Del Padre welcomes you to a new year (and a new decade, if you’re one of those that consider the “10th” in a series of years as the last year of a decade, and not the first year of a new one).  Another Christmas season has come and gone, and its time to hunker down and get back to work.  Check on the loot you scored this season.  If a modern smart phone is amongst your new stuff, then your business may have received a gift of its own. For one, it can be used to take advantage of QR codes, as we explained in a previous post, but even more so, your phone can finally now surf the web with a level of quality that can rival your desktop, complete with high-quality pictures and text, streaming video, Adobe Flash (if you have an Android).  And with the deluge of phone deals from every major retailer during the run-up to Christmas, including tempting two-for-one deals, its a lot more than people of business who can find you on the web via a phone. You may have heard of another rumbling where internet-ready mobile devices will overtake desktops as the way people view the web by 2015, according to analysts from Morgan Stanley.  A couple of years ago on lesser phones, this would have been laughable. Now that statement is much more solid and believable.

So, go visit your site on that fancy phone of yours.  How does it look?  Have your thumb and index finger been getting a workout with all the pinching and scaling you need to do to see the content on your site?  The problem is that a majority of sites were built with the desktop in mind, because, well, that was the only feasible game in town, where mobile browsing was “cute”, at best, with drastically scaled back abilities on tiny non touchable screens.  Now we have the visual power, more or less, but still have a screen with a size and resolution much smaller than a traditional desktop.  Does your web presence adapt well to this environment, or is your finger swishing left and right to constantly scroll the desktop sized content, coupled with pinching to read your text in that small but-oh-so-stylish font size you love?  If your site isn’t up-to-snuff for mobile, don’t feel bad, only 40% of the top 1,000 websites have a mobile version,  and that percentage plummets to under 20% when you expand the pool to the top 500,000 most visited sites.

So should this be a concern for you?  Will you be losing business left and right because people are having difficulty viewing your site on their smartphone, and are passing you by?  Don’t panic.  Right now, despite the trend going mobile, we predict that not all industries need to be concerned about how they are represented on mobile devices, at least not yet.  There are some industries, however, that need it a lot more than others. Let’s make this totally clear now, if you are a nightclub, restaurant, or any other hot spot, you NEED to get on mobile.  Yesterday.  More and more savvy young people in the nightlife determine their night’s activities based on or near the spot.  They’ll be away from the computer or TV, so websites they can access on their phone can be the difference-maker.  This goes even more so if your sales are based on tourism traffic.  Its one thing to attract the attention of locals that are familiar with you and your competitors, but tourists that don’t know the area mean a level playing field, and are likely to use the variety of travel-based search engines (like TripAdvisor) to find a place to eat or go have fun during their stay.  If you have a version of your site that’s well-designed for mobile, with easy-to-read copy and layout, while your competitor’s “all-in-one” (ie no mobile, all desktop) frustrates them, you could win another family of four coming to dine at your place. Foot-traffic based businesses can also take advantage of location-based apps such as the popular Foursquare to drive traffic to their location.  We’ll cover some strategies using these unique location-based phone apps in a future blog post (which, by the way, will be happening with much more frequency in 2011).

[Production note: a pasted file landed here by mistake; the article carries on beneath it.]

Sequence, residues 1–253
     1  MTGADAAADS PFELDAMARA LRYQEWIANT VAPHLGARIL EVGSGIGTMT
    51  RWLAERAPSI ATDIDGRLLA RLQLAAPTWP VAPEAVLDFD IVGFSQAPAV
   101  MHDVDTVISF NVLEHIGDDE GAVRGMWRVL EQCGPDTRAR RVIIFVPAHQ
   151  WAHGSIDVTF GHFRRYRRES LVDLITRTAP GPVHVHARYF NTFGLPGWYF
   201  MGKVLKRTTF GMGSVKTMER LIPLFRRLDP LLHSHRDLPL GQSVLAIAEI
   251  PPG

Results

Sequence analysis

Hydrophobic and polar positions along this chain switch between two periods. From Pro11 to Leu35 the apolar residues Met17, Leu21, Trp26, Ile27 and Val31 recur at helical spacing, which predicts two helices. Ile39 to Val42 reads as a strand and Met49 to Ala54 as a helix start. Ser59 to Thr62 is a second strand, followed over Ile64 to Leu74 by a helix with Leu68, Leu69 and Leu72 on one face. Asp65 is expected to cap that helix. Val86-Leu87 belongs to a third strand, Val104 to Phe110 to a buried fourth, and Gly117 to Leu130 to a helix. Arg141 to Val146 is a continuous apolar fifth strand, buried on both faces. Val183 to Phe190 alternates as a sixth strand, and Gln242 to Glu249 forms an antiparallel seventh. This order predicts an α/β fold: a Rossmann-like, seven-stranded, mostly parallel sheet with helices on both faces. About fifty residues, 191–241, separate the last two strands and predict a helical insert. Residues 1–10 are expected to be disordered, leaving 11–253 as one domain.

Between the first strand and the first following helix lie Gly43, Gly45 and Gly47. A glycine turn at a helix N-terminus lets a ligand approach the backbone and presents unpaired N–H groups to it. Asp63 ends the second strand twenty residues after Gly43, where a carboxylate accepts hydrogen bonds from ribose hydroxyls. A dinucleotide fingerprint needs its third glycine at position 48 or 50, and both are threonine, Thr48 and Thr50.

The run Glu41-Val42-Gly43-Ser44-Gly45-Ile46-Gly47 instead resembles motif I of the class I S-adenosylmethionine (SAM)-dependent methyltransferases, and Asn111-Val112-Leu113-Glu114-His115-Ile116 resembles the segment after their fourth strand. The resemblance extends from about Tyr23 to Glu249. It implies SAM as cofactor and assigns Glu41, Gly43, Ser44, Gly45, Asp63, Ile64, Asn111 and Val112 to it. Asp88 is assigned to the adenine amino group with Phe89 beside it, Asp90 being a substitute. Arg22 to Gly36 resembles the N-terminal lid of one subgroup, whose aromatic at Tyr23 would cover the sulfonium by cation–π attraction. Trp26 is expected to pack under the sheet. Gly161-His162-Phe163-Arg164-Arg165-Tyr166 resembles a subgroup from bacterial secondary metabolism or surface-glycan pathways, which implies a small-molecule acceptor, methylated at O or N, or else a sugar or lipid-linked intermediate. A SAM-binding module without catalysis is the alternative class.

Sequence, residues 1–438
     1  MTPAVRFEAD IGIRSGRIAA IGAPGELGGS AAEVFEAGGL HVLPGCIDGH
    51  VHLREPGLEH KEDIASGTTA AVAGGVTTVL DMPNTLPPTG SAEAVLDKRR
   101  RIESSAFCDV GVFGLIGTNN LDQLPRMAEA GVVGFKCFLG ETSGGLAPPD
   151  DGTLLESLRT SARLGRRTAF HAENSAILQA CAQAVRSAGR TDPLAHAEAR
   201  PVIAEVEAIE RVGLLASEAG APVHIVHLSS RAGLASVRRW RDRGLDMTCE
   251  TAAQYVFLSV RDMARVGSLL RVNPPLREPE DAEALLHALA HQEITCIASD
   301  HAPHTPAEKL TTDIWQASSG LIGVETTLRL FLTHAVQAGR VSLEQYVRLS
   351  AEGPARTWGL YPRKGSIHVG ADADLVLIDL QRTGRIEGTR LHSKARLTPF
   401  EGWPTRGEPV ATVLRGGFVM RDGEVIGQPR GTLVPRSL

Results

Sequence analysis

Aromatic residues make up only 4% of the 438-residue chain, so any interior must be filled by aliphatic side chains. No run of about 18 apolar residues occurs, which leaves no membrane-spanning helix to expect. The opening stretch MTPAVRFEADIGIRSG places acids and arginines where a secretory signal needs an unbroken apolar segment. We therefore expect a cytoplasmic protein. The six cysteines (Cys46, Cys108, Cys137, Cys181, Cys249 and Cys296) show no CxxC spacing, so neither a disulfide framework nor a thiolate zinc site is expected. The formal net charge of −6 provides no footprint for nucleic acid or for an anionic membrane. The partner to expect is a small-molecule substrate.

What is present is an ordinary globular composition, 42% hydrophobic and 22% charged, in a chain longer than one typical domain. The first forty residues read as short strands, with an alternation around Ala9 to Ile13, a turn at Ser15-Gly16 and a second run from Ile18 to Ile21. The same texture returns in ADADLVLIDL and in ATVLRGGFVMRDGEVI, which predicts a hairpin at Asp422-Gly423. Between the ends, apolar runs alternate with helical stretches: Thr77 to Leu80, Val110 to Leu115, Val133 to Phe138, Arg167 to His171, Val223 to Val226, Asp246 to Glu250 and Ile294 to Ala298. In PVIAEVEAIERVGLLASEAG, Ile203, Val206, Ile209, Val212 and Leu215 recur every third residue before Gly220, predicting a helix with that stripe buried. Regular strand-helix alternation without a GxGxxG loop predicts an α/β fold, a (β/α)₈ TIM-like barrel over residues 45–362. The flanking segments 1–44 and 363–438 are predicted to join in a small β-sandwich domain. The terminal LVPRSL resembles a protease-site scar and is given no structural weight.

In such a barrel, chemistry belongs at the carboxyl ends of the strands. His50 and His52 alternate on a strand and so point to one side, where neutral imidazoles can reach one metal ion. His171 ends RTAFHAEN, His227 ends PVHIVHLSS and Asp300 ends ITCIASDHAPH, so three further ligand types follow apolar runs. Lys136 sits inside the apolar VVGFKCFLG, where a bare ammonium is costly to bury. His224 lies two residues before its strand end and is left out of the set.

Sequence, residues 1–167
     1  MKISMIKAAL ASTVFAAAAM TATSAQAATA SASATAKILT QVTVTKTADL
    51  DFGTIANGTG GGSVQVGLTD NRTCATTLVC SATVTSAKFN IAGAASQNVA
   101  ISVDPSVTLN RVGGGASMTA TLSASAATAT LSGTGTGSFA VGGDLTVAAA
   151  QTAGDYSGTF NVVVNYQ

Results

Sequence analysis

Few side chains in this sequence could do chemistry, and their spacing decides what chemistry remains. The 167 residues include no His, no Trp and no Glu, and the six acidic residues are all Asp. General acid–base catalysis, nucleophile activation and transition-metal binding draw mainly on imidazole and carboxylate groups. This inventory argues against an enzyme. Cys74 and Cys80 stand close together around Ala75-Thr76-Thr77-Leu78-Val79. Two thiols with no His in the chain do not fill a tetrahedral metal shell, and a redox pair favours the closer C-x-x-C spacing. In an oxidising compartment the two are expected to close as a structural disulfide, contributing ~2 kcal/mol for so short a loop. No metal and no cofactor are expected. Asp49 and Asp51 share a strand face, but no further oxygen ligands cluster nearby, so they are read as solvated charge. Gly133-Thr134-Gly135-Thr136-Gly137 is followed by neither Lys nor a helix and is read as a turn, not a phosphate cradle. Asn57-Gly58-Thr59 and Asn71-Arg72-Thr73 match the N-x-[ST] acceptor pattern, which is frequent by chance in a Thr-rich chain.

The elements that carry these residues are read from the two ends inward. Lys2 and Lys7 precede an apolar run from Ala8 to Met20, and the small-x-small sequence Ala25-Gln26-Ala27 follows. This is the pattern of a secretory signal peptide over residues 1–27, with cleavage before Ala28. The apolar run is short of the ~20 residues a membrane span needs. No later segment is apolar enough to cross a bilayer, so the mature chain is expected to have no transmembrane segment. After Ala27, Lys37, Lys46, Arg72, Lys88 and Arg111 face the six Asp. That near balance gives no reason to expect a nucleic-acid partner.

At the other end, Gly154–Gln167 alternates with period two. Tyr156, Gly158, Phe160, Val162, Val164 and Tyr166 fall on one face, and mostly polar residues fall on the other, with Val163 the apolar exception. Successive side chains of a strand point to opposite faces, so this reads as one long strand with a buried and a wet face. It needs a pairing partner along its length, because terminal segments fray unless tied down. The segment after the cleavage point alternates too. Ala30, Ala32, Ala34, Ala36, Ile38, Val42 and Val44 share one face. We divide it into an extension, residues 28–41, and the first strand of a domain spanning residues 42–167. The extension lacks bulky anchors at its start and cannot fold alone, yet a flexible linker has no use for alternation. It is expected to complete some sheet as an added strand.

On the other hand, if your model is more B2B, you may be able to hold off on a mobile version of your site for now, for the simple fact that its much more likely that your clientele is spending their day in front of a traditional desktop or laptop, and is doing just fine with what they got right now.  One thing to consider, regardless of your industry, is that Google has a separate index for mobile content, and that index is still in its relevant infancy, so having a mobile site and site map for that index can put you ahead on mobile searches by default alone, and give you a jump when your competitors finally get on board.

Sooner or later, you need to consider targeting other platforms other than the desktop for your website.  Contact us at Del Padre for a consultation, and together we’ll see where you are currently and what you need to do to better position yourself for that portal to the world that’s in your hand.

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